masses…. Hitler is often seen standing in the presence of his friend
and foreign press chief Ernst Hanfstaengl, apparently oblivious to the
prying movie camera…. Hitler, in part a media creation, was better
equipped to manipulate the masses by putting them on the movie screen.
He made them part of the media action, and the outtakes show us how
that was done.” (Herzstein, p. 317) Hitler’s rivals and adversaries,
including his predecessor as chancellor, von Papen, the Austrian leader
Dollfuss, and the Social Democrat Dittman all appear in the Fox
footage in a negative or unflattering light by comparison.
One big fan of Fox Movietone News was the Italian fascist dictator
Benito Mussolini, who was given the opportunity to make one of his
famous bravura speeches for the Fox camera. According to Herzstein, one
of the first sound newsreels shown in the United States depicted
Mussolini in March 1929 speaking in English directly to the American
people, saying: “Your talking newsreel has tremendous possibilities.
Let me speak through it in twenty cities in Italy once a week and I need
no other power.” (Herzstein, p. 318) In the mind of the Duce,
newsfilm was thus already the handmaiden of fascist power.
Herzstein’s extensive survey of the Fox Movietone archive for
1930-1935 apparently yielded no examples of any criticism or
unfavorable coverage of the fascist dictators, since none is mentioned
in his article.6
The last Fox Movietone newsreels appeared in the United States in
1963. According to the Wikipedia article on Movietone News, parts of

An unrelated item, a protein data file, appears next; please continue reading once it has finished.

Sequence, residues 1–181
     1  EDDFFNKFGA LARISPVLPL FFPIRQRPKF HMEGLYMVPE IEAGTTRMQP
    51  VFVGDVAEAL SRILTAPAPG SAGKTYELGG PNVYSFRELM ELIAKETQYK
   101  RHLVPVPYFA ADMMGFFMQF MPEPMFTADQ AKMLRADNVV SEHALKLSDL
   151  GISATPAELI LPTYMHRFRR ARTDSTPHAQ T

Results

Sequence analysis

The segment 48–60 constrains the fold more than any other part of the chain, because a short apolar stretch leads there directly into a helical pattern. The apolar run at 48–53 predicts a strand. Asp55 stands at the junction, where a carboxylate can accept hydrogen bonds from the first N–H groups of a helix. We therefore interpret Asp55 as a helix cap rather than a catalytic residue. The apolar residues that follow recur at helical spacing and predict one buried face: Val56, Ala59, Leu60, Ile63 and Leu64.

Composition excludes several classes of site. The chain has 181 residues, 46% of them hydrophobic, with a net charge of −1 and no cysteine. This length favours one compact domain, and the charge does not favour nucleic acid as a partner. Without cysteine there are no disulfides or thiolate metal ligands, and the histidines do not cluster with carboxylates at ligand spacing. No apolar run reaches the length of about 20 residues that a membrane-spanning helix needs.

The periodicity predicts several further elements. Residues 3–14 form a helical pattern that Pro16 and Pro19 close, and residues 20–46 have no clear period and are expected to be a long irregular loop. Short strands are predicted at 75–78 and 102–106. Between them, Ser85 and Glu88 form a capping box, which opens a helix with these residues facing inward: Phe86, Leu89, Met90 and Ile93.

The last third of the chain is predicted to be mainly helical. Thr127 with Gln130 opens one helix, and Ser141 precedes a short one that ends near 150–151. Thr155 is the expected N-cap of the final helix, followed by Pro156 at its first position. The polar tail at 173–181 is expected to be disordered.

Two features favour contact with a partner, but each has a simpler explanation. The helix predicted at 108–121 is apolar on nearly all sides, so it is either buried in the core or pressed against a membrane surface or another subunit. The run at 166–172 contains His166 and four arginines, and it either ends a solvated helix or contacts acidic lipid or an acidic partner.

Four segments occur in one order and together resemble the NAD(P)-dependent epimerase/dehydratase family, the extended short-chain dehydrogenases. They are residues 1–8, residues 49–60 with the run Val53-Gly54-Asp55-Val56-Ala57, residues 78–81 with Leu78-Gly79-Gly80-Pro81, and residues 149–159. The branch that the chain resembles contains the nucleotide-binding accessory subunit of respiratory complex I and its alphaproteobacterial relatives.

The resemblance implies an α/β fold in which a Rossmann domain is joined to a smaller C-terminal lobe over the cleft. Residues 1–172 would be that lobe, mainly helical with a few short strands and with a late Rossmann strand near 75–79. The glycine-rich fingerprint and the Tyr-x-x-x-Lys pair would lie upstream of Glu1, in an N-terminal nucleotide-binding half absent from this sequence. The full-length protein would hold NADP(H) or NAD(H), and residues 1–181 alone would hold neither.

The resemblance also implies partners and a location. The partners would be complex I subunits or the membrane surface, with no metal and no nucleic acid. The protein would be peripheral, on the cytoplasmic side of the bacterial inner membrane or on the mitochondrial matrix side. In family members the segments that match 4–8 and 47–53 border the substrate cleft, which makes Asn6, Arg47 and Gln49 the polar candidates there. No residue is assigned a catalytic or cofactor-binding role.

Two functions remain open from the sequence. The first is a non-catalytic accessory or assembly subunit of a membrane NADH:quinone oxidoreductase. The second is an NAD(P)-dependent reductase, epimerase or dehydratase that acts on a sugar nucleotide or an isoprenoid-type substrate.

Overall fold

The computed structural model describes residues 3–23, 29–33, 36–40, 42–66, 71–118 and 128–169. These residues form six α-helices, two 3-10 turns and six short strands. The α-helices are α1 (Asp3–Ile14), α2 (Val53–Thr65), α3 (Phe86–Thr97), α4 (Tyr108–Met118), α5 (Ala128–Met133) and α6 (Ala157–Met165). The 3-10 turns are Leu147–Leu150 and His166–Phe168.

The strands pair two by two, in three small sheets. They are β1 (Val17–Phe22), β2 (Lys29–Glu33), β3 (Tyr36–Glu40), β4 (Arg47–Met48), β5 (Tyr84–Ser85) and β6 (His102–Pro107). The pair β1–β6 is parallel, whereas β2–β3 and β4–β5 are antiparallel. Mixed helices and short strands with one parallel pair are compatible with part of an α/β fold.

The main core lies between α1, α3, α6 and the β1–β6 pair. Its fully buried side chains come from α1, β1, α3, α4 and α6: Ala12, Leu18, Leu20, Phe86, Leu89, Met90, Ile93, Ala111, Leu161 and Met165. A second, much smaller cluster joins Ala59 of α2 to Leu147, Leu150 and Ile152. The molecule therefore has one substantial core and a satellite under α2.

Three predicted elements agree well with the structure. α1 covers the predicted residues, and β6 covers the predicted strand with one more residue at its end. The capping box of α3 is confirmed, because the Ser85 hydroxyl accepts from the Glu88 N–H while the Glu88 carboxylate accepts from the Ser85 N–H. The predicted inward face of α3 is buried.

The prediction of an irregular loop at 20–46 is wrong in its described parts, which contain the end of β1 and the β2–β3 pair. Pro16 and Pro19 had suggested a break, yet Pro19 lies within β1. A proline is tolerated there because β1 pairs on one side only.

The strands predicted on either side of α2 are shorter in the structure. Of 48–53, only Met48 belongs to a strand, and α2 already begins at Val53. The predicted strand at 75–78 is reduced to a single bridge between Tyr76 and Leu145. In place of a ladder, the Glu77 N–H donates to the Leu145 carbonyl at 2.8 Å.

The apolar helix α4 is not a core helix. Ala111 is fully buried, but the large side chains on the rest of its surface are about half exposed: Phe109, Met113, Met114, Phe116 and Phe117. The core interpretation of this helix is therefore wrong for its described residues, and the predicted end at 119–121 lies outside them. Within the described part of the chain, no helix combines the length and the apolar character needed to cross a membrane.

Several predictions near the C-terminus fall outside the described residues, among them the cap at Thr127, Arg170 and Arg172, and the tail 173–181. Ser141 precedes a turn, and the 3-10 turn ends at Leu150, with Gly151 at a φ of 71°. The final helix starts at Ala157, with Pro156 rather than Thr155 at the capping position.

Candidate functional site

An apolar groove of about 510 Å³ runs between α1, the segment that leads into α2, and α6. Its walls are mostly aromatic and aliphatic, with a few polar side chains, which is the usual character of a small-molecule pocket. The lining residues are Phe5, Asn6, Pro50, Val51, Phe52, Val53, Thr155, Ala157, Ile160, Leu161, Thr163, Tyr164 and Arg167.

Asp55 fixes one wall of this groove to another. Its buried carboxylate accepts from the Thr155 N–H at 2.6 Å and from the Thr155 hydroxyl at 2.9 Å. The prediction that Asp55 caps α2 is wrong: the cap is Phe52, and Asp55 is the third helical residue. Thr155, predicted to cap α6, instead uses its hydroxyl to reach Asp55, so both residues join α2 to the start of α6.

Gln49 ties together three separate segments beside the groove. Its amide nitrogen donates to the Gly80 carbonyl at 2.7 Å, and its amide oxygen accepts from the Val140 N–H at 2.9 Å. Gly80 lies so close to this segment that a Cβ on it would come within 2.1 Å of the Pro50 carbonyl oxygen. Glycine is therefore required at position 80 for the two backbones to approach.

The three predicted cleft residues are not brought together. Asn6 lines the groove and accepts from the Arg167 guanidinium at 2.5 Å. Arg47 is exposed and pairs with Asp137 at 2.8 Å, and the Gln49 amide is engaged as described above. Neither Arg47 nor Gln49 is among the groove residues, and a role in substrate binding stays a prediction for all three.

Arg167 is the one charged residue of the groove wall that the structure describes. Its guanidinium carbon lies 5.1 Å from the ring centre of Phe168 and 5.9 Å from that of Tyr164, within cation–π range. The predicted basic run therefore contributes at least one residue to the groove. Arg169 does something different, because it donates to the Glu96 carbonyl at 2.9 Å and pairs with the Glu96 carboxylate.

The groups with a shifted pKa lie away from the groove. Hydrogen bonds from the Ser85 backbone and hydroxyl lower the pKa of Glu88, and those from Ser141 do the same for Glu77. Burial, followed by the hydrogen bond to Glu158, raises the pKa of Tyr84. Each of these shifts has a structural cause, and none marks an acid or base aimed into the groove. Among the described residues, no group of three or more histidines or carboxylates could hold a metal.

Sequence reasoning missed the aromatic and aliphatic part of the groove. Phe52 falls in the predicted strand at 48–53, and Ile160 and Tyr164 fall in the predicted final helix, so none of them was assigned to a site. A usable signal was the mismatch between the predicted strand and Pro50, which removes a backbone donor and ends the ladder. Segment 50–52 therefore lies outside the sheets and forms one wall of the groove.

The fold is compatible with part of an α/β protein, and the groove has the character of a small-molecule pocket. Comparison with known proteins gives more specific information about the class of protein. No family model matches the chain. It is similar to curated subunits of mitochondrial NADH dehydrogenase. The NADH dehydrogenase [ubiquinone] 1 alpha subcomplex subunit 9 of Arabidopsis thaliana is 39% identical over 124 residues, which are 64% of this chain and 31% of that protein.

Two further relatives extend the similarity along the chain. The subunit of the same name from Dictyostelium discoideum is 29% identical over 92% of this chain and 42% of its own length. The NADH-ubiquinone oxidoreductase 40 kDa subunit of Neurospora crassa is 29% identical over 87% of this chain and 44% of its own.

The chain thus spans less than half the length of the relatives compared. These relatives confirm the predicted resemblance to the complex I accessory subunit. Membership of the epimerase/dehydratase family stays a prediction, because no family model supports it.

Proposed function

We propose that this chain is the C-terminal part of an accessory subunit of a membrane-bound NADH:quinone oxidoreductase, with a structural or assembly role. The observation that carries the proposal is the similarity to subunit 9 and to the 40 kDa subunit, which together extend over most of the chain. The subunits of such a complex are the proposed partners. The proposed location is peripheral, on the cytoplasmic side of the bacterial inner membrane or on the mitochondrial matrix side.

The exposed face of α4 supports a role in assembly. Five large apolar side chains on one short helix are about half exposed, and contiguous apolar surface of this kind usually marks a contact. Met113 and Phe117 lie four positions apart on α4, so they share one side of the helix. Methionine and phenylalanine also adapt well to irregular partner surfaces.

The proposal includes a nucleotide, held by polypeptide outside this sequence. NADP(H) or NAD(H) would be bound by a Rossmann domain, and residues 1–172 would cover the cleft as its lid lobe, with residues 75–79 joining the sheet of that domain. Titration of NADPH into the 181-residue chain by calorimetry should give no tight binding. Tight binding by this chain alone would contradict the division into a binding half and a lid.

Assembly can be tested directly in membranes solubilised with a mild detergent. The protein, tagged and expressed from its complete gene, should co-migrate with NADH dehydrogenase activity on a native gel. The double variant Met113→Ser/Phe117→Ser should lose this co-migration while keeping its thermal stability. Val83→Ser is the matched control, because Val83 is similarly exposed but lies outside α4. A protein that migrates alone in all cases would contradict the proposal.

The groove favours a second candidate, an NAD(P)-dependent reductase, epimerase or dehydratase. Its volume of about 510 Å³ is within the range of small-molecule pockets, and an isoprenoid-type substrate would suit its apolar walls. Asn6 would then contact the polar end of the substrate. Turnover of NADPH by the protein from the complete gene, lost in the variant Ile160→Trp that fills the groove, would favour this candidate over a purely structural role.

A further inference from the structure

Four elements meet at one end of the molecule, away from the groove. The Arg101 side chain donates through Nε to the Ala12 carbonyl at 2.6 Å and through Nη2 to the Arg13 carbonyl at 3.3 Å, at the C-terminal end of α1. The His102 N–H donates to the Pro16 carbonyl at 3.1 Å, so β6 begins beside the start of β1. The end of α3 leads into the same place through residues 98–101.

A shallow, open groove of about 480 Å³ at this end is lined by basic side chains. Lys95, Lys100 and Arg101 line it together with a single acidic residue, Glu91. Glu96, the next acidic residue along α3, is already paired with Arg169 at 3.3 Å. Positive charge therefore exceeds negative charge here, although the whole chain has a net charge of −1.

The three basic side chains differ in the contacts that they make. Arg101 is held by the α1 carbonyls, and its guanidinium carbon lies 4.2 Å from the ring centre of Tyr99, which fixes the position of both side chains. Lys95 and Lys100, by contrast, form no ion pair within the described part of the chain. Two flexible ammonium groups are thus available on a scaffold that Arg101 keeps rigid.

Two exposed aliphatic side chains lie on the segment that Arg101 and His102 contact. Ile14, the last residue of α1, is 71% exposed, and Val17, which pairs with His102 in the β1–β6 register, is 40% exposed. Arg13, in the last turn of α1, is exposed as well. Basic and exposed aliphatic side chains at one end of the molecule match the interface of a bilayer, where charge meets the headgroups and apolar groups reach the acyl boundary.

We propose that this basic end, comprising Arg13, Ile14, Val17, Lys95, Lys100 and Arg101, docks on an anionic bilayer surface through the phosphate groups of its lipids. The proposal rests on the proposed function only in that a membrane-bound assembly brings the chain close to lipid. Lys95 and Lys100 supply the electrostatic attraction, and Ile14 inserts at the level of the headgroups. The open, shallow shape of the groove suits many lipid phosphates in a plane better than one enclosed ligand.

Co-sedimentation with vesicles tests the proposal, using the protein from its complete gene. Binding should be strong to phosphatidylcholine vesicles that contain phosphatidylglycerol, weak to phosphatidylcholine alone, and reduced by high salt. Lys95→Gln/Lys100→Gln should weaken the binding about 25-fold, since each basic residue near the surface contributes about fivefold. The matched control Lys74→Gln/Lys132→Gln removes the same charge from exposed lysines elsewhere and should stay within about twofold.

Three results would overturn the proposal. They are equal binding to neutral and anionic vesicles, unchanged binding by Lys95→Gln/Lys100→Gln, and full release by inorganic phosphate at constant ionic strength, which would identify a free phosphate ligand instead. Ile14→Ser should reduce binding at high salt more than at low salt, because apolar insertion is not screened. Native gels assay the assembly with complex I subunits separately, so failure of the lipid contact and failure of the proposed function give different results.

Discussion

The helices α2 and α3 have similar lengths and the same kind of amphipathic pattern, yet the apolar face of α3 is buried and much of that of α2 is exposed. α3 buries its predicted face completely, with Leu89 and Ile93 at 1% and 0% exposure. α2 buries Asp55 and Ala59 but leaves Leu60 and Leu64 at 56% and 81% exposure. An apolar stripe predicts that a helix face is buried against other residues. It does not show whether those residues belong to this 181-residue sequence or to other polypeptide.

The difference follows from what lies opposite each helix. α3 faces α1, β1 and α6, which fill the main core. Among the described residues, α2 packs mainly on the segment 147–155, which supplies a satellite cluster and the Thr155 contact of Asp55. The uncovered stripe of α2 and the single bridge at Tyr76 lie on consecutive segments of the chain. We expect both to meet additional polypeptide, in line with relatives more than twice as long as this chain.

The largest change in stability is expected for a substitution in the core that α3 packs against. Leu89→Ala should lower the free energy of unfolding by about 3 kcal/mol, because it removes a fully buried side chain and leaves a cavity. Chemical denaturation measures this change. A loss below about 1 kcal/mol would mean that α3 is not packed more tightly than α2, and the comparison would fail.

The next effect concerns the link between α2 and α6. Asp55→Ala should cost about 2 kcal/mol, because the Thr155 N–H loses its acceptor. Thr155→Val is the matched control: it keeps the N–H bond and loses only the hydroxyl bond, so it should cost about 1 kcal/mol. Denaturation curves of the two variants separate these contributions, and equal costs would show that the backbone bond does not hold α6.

the Fox Movietone newsreel collection are still “owned and managed by
the Fox Film Corporation’s corporate successor (and namesake), Fox News
Channel. The majority of the collection is stored in New Jersey,
mostly unseen since the newsreels were originally shown in theatres.
During its early years, Fox News Channel had a weekend show which
played the newsreels.”7
As the philosopher George Santayana rightly observed in 1905, “when
experience is not retained, as among savages, infancy is perpetual.
Those who cannot remember the past are condemned to repeat it.”
1 Hans Mommsen, The Rise and Fall of Weimar Democracy,
Chapel Hill: University of North Carolina Press, 1996, p. 339.
emphasis added. Fox Film Corporation merged with Twentieth Century
Pictures to form Twentieth Century Fox in May, 1935.
2 William G. Chrystal, “Nazi Party Election Films, 1927-1938,” in Cinema Journal
XV:1, Autumn 1975, p. 32, published by the University Texas Press for
the Society for Cinema and Media Studies, emphasis added. See also
Hans Barkhausen, “Kurzübersicht: Filme der NSDAP, 1927-1945,” and “Die
NSDAP als Filmproduzentin,” in Günter Moltmann and Karl Friedrich
Reimers, Zeitgeschichte im Film- und Tondokument: 17 historische, pädagogische, und sozialwissenschaftliche Beiträge, edited by Günter Moltmann and Karl Friedrich Reimers (Göttingen: Musterschmidt-Verlag, 1970).
3 Chrystal, p. 33.
4 Chrystal, p. 35.
Robert Edwin Herzstein, “Movietone News and the Rise of Fascism in
Europe, 1930-1935: A Guide for the Researcher, Teacher, and Student,” The History Teacher XXI:3 (May 1988), pp. 313-320, published by: Society for History Education.
6 For part of Mussolini’s remarks, see http://www.youtube.com/watch?v=tTXhez2mNmM